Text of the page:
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Outside of the theatre.

Outside The Grand before the matinee performance.

have never seen myself as a reviewer before, but I found myself, on the 17.05 East Coast service from Leeds to London King’s Cross, scribbling down notes on the performance in my pocket book and it wouldn’t do harm to share them with you.

Firstly, The Grand is a great venue and the staff are first rate; I’ve never had any problems there. If I had to say something negative it would be that it got got a bit warm up in the Dress Circle, but there isn’t a lot you can do about that!

Over the years I have tried to learn the dancer’s names from the programmes and the cast sheets they put in them, so I was concerned at first that I hardly recognised any, but I needn’t have worried. Mlindi Kulashe, for example, is a new name to me, but he gave a wonderful performance as Peter Pan and I’d be very interested to see what his next role will be with the Northern Ballet. Luke Francis, another name I’m not familiar with, played Peter Pan’s shadow in a scene that I’m sure will prove memorable.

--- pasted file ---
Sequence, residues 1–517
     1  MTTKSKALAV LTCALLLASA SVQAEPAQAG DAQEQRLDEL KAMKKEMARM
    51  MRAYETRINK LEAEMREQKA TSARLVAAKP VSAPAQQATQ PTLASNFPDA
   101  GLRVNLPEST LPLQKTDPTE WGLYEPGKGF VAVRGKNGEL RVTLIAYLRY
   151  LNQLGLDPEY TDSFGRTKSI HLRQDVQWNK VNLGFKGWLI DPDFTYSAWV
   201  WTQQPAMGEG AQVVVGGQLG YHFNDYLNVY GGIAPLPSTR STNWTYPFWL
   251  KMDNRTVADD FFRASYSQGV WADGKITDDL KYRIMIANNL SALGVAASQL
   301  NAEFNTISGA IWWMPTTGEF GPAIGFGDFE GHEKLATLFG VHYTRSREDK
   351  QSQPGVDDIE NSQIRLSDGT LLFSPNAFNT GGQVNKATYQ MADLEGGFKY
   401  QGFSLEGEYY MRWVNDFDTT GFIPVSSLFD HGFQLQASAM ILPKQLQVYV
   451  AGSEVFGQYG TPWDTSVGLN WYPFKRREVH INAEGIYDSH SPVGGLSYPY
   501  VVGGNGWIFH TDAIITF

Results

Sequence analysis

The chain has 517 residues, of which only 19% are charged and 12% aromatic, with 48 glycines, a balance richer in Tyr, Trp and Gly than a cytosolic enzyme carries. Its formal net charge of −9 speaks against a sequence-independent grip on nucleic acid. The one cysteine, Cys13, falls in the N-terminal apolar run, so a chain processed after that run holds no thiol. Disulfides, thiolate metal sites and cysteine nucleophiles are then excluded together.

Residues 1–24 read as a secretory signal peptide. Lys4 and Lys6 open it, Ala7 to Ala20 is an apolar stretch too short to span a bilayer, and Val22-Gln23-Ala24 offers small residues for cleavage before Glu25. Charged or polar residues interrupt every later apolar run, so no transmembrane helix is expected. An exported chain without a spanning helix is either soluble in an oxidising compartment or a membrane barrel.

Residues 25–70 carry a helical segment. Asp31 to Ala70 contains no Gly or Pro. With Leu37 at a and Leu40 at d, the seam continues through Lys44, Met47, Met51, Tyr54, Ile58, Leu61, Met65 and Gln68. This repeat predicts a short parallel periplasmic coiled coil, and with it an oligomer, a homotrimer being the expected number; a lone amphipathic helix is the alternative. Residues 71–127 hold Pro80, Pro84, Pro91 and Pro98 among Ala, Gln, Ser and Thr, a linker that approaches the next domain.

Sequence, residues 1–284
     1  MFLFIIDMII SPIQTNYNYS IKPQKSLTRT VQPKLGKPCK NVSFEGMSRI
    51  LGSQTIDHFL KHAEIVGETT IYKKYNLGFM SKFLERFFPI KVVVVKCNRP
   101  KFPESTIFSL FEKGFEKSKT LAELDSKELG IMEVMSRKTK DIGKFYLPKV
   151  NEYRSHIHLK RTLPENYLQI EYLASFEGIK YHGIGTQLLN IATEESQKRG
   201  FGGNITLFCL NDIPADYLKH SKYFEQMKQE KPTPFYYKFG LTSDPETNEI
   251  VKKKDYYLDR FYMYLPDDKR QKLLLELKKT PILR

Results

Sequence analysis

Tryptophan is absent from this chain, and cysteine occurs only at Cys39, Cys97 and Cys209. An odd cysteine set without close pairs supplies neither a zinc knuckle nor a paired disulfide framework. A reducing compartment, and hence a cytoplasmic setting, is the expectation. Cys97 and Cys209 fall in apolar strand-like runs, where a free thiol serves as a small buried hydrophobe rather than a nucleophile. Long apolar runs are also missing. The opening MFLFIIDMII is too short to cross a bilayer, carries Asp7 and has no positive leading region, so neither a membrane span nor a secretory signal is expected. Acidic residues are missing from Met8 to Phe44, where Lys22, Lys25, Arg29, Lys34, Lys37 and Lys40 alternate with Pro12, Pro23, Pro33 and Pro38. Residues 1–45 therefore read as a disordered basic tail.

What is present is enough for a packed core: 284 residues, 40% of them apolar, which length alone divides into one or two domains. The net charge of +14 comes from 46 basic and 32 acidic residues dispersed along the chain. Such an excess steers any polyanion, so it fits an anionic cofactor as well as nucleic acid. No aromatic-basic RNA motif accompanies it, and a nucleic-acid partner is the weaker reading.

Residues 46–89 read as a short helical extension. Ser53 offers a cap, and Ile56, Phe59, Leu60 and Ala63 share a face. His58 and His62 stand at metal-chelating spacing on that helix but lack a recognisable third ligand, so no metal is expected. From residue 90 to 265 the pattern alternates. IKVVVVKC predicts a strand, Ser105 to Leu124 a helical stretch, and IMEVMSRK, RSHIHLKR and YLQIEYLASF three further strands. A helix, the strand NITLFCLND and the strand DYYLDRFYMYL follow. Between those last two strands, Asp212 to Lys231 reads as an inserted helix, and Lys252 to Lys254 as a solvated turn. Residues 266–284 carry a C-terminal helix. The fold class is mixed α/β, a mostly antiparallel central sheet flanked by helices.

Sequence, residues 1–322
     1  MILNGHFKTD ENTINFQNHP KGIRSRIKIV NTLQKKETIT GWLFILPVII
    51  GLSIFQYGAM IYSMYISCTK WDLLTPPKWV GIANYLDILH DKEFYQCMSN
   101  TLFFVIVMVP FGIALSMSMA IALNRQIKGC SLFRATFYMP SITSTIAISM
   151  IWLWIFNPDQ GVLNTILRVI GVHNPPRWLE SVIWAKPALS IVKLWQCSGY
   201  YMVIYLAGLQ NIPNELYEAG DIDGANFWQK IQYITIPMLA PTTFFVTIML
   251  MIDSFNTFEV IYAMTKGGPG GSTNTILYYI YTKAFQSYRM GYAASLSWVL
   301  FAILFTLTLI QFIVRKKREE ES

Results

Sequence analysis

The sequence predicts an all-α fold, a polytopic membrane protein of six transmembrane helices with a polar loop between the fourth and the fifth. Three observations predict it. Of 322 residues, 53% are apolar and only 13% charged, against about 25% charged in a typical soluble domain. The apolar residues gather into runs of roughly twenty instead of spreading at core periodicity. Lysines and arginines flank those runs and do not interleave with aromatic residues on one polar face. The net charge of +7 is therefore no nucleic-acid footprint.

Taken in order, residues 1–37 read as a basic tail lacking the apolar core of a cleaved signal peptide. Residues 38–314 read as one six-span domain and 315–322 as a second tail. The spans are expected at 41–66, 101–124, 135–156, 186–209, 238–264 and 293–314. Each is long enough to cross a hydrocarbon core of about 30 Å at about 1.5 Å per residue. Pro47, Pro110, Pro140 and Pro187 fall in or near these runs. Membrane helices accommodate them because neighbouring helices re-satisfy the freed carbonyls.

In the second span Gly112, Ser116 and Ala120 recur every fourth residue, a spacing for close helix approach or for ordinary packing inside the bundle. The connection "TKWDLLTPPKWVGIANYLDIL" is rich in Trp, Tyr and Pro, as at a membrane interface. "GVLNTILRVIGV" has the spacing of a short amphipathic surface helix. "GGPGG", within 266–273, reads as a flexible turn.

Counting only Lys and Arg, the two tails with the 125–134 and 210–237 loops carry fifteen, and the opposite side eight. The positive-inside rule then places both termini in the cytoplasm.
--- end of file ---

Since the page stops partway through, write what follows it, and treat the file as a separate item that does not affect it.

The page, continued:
Dreda Blow delivered, not one, but two enthralling performances as Mrs. Darling, the mother of Wendy, John and Michael, and the incredibly graceful Never Bird. I checked my programme in the interval and wasn’t surprise to find that the roles were being performed by one of the company’s Leading Soloists [and that evening I looked through some of my other programmes and I Dreda Blow’s name appeared more than once; most notably in “The Great Gatsby” at The New Theatre in Hull back in 2013].

The Mermaids received a universal gasp of amazement from the Dress Circle as they appeared, shimmering, on the stage [I’m not a big sequin fan, as a rule, but everything has its place and a Mermaids tail is one of those places]. Nana The Dog, played by Olivia Holland, was also well received.

I’m saving the last paragraph for Joeseph Taylor’s performance as both Mr. Darling and Captain Hook. I had never given much thought to either character or how they might relate to each other before that Saturday matinee. The final scene sees the children return home and the children look at their father as if he were Captain Hook and I found it very moving, as did some other audience members within earshot of me on Row F.

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